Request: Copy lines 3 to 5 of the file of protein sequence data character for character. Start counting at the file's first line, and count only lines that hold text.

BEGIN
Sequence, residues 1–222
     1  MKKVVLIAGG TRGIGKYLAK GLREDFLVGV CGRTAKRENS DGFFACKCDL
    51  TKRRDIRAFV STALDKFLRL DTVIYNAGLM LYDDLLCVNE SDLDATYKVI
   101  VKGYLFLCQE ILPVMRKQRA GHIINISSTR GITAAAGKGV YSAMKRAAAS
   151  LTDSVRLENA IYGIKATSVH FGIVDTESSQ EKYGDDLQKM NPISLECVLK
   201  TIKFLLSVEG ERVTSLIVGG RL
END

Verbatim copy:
    51  TKRRDIRAFV STALDKFLRL DTVIYNAGLM LYDDLLCVNE SDLDATYKVI
   101  VKGYLFLCQE ILPVMRKQRA GHIINISSTR GITAAAGKGV YSAMKRAAAS
   151  LTDSVRLENA IYGIKATSVH FGIVDTESSQ EKYGDDLQKM NPISLECVLK